Skilled workers may continue to extend their visa indefinitely, if they do not apply for settlement (previously called 'Indefinite Leave to Remain') after five years' continuous stay.


  • It is recommended that companies who are applying for a sponsorship license for the first time who are part of an international group structure should apply for ICT too, to allow for maximum employment flexibility.
  • Under the new rules, workers on ICT visas will be able to apply for Skilled Worker visas at any time and from inside the UK, without needing to follow the twelve-month cooling off period. This would allow them to start down the route to settlement, if they so wish. The five-year clock to settlement will start from zero when they move over to the Skilled Worker visa. Note that this change would make it easier for the worker to leave their sponsoring employer at any time, in favour of another role / employer once they reach the UK.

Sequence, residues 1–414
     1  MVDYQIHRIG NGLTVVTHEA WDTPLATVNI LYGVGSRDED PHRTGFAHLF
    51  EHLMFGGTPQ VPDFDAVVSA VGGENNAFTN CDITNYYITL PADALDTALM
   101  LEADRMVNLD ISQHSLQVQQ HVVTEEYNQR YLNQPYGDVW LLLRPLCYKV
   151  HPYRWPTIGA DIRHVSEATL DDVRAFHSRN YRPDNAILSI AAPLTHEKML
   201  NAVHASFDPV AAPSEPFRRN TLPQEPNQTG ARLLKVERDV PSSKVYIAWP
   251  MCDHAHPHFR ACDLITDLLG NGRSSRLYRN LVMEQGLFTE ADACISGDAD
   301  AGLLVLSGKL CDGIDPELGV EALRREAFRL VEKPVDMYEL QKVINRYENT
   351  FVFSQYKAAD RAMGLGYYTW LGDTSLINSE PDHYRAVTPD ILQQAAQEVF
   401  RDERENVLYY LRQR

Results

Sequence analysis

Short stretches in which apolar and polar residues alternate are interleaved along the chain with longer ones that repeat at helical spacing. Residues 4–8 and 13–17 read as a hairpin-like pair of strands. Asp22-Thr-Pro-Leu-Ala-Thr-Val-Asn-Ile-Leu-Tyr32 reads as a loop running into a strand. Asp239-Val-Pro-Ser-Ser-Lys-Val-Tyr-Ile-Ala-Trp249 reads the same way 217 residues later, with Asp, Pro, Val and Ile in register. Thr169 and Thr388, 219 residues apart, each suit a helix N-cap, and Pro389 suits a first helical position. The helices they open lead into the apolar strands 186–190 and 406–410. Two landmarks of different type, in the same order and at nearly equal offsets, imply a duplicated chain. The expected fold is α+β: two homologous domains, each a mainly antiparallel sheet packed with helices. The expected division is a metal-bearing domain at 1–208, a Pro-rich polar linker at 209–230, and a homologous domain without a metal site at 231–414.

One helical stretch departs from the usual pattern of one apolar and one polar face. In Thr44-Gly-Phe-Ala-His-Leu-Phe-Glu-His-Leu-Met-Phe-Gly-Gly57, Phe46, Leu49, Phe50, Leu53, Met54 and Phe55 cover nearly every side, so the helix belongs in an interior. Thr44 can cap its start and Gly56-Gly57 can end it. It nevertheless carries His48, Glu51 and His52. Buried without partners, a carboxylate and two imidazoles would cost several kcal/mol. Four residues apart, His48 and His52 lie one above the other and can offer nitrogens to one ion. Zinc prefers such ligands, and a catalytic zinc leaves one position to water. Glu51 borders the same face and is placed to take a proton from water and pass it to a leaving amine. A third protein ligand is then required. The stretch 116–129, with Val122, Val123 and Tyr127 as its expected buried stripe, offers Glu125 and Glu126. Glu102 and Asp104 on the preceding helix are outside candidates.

• ICT workers will be able to apply for a new visa from inside the UK.
  • Unlike the Skilled Worker route, the minimum salary for ICT remains at £41,500 and minimum skill level remains at RQF level 6 (graduate level).
  • The benefit to applying via the ICT route is this negates the need for an English language requirement, which can be a lengthier part of the sponsorship process. It can therefore be more suitable for shorter term, more urgent requirements

What does it mean for contractors I have on my team or want to hire?